Hamdi Ulukaya, CEO of Chobani Inc., speaks during a Bloomberg Television interview in London on July 17, 2013.
Chris Ratcliffe—Bloomberg/Getty Images
By Kristen Bahler
October 6, 2016

Chobani wants to give working parents ample time off to bond with their children.

The yogurt company announced Wednesday that it will bump up its parental leave policy to six weeks of 100% paid leave for mothers and fathers who have given birth, adopted a child, or had a foster child placed in the home, according to a company statement.

The new policy will begin next year, and extends to both full-time hourly and salaried employees.

In the statement, Chobani CEO Hamdi Ulukaya addressed his own family’s experience:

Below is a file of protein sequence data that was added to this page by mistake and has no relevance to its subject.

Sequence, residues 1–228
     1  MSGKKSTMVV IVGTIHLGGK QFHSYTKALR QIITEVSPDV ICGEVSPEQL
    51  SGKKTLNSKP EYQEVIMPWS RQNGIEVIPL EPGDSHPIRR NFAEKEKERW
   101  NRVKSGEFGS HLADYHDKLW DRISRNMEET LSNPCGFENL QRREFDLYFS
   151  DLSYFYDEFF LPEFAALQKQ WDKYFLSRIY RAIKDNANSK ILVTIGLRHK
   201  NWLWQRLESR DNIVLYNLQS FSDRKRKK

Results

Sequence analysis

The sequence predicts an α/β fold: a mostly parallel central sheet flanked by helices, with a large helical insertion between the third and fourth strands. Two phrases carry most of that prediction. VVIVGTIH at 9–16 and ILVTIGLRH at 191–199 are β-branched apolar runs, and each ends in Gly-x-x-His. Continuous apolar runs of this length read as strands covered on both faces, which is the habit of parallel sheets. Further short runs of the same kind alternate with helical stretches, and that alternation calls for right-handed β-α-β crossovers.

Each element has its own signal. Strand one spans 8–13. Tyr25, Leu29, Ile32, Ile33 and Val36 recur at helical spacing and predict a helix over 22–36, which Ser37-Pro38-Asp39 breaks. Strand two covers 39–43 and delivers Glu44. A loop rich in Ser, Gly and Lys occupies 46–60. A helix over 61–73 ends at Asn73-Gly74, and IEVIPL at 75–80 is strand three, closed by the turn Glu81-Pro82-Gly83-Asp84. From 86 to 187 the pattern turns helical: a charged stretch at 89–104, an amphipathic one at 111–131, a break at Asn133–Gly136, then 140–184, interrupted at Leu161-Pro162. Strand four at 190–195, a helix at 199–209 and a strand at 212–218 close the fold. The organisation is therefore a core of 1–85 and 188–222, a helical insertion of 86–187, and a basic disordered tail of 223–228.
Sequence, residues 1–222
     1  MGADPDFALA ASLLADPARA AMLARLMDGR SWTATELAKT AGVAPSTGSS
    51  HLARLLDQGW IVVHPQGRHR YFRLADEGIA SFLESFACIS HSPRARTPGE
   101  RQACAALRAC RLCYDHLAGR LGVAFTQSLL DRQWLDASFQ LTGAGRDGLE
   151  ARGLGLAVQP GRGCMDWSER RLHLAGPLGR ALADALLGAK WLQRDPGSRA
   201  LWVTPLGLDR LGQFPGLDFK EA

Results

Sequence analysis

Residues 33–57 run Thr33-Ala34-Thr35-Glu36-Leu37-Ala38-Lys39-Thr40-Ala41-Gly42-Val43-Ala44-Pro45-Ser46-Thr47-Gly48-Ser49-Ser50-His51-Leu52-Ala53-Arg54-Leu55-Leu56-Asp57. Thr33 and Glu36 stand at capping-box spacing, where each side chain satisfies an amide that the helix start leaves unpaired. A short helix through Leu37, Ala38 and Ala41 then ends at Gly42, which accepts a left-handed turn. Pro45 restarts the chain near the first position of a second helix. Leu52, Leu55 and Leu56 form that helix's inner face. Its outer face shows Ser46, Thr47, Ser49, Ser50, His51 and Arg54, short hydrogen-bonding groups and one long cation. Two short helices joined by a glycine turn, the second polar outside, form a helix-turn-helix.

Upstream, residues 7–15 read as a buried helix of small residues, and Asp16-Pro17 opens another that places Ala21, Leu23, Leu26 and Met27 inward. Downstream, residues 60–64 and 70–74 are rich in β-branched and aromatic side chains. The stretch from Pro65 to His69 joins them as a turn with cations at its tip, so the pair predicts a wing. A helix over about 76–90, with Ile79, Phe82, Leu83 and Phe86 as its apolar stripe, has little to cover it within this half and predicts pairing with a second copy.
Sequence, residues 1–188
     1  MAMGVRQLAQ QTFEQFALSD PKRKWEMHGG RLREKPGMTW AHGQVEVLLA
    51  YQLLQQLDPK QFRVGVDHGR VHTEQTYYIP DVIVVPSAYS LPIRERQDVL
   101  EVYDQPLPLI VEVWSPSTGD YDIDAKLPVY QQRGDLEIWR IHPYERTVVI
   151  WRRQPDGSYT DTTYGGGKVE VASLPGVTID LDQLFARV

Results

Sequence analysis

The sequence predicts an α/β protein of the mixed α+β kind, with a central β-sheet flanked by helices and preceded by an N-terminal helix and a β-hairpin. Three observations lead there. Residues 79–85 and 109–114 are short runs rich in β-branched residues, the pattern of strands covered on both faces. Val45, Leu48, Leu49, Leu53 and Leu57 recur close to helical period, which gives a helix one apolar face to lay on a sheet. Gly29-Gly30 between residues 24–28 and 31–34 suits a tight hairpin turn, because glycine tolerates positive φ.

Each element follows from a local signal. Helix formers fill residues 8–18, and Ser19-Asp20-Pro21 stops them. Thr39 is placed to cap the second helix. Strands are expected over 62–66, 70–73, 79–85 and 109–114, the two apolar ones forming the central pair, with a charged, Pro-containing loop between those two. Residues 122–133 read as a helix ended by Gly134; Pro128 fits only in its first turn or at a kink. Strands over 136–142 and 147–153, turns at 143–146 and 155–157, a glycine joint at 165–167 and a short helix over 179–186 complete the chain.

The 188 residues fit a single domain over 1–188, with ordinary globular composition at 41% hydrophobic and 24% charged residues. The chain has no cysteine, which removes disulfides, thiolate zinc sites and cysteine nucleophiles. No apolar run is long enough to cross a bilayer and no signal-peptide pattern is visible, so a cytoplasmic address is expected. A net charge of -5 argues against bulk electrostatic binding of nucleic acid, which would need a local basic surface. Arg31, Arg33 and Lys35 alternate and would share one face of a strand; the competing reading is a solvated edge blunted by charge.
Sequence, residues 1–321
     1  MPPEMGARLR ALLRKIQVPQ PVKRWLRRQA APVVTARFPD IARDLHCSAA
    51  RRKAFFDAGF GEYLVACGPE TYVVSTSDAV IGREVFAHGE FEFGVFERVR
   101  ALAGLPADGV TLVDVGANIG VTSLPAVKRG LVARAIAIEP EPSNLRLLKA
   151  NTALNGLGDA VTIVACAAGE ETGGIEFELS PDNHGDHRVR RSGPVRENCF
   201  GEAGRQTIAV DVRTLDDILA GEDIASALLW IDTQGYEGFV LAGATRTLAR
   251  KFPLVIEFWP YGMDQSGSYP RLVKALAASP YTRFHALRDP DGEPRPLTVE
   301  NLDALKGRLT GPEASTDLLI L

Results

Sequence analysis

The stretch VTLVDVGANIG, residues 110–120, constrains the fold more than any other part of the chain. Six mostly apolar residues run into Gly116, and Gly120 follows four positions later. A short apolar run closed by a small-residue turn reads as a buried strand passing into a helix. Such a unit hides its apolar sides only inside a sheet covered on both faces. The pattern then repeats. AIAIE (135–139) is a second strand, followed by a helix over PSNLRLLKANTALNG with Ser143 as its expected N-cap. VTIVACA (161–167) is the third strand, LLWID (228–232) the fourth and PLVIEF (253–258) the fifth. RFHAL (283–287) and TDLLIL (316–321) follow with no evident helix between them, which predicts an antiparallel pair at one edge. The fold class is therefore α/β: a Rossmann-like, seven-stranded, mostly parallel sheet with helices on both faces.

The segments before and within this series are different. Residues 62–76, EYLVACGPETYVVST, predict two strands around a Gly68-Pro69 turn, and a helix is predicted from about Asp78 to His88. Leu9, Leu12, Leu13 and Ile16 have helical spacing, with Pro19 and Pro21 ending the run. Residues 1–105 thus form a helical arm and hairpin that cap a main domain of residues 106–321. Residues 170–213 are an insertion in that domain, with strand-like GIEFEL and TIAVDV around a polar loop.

“As a founder and a new father, my son opened my eyes to the fact that the vast majority of workers in this country don’t have access to paid family leave when they have a new child. That’s especially true when it comes to manufacturing and that needs to change in this country, and Chobani needed to be part of that change.”

Chobani isn’t the first company to roll out a robust paid leave program, but most do not include hourly workers. Netflix, for instance, led the charge for paid leave last year when it introduced unlimited leave for moms and dads, but that policy only applies to “salaried streaming employees” and not employees in its distribution centers, NPR reported.

It’s worth noting that the U.S. is the only industrialized nation that doesn’t guarantee paid parental leave for its employees. The federal Family and Medical Leave Act mandates 12 weeks of unpaid leave for certain public and private sector employees, but a Department of Labor study found that only 12% of private sector workers have access to paid family leave.

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